Wednesday, January 12, 2011

And Then There Was One- How the Death of Tuff Stuff Impacts The Hobby

Krause Publications, and later F+W Media is the victim of a problem facing many, many media companies and one I am all to intimately familiar with personally, having been a victim of a layoff from a media and publishing company last April. My dislike and distrust of Beckett Media aside, I think I can bring some perspective and shall we say, calculated logic, to the discussion of the pitfalls facing both of these hobby media resources.

Declining print ad revenues across all forms of media, both B2B and B2C are

something that traditional publishing companies have been struggling with since the invention of the Internet by Al Gore in the early 90's. (I'm STILL convinced that is why he lost the election, what an idiot but I digress). Regardless of if you are a major publishing icon like Rupert Murdoch or a niche publisher like F+W, the inability of publishing companies to effectively monetize an online strategy has effectively served as the demise for numerous publishers.

The ability, or in some cases, inability, to grasp the importance of social media has further plagued traditional media companies and publishers who have long relied on an antiquated business model of disseminating information and waiting for readers, users and consumers to come to them. The world doesn't work that way anymore. if you aren't bringing me the information I want, chances are I have little time or interest in seeking it out.

A great example of this in the blogsphere is my friend, Adam Gellman, at Sports Cards Uncensored. I have asked him repeatedly to set up a Twitterfeed for his blog. Why? Because most of the time, it's the only way I will know a blog I value, follow, or have interest in has published new content. He still hasn't done so and to this day I can say I read his post less than I used to because he is not pushing that information to me.

Now look at Krause/F+W Media who of all Hobby related entities needed to get ahead of the curve when it came to social media and instead languished in an archaic information dissemination model. They proved how incapable they were of adapting to new media just last year when, having been pressed on a particular issue, columnist forced blogger, T.S O'Connell turned off comments on his blog. In my humble opinion, no act more symbolized the disconnect and lack of understanding about the developing age of media than that act and the fiasco that resulted.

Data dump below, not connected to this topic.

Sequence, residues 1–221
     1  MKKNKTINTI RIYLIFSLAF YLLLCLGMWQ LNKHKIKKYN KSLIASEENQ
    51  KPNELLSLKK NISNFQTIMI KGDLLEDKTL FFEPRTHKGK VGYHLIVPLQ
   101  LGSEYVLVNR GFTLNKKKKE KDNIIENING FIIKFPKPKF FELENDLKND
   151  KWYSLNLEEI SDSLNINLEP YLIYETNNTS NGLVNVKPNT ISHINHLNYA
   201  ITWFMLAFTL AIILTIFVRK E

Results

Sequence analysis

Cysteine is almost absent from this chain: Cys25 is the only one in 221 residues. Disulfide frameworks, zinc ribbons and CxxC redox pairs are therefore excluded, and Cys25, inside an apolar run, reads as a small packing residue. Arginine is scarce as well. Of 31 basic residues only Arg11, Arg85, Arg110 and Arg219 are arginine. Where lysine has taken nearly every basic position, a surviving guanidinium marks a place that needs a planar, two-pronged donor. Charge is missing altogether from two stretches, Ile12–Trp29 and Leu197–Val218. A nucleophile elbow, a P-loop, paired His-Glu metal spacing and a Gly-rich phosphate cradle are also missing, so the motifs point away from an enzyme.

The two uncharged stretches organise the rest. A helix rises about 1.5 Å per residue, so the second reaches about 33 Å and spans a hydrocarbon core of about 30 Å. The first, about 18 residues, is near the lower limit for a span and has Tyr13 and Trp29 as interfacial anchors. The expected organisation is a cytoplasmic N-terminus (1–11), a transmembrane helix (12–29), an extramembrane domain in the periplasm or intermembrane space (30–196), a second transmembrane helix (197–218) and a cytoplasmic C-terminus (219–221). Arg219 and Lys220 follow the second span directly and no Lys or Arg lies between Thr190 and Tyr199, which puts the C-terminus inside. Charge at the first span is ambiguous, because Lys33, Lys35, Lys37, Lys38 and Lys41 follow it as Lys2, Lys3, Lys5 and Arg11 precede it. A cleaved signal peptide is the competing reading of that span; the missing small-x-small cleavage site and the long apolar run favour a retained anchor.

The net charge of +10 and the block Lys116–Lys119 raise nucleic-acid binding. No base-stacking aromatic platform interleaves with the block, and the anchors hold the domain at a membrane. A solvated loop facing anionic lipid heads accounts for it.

Now, looking at my friend and yours, Beckett Media LLC, we see a much different story. Have they capitalized on the mistakes of Tuff Stuff and avoided the same pitfalls? Yes. To a degree. Now in all honesty, the following will obviously be subject to conjecture but I will try to approach this with some calculated reasoning. The removal of Tuff Stuff's Sports Card Monthly from the equation, leaves potential advertisers only one place to spend their print ad budget and that is with Beckett, obviously. However, in my opinion, there is little doubt that even with this event having transpired in the market place, that Beckett's publications could NOT survive as a stand alone business property. The decrease in ad revenue across ALL print media simply can't be replaced regardless of the number of print or OPG subscribers they add. No, the publications will continue and might even at some point return to profitablity as the result of them being only one cog in a machine.


The Beckett brand name will forever be tied to their publications. That brand awareness and recognition serves as a "traffic driver" of sorts for their other properties; Beckett Select Auctions, Beckett Grading Services, and The Beckett Marketplace. Diversity has been the key to Beckett being able to weather the media storm and to their credit they have been much better at developing online revenue streams and embracing, instead of resisting, social media.


While I am obviously not privy to their balance sheet, ad rates are public. Keep in mind also that most advertising sales reps. never, ever, ever, ever sell at rate card but instead discount those rates as an incentive to buy. So if you take their listed rate card pricing and count the number of ads you see in an issue and multiply out the math from subscription $'s and their circulation numbers, you can see that when you account for employee salaries and benefit costs, variable and non variable expenses, etc. it would be very hard to see profiting solely from their publications.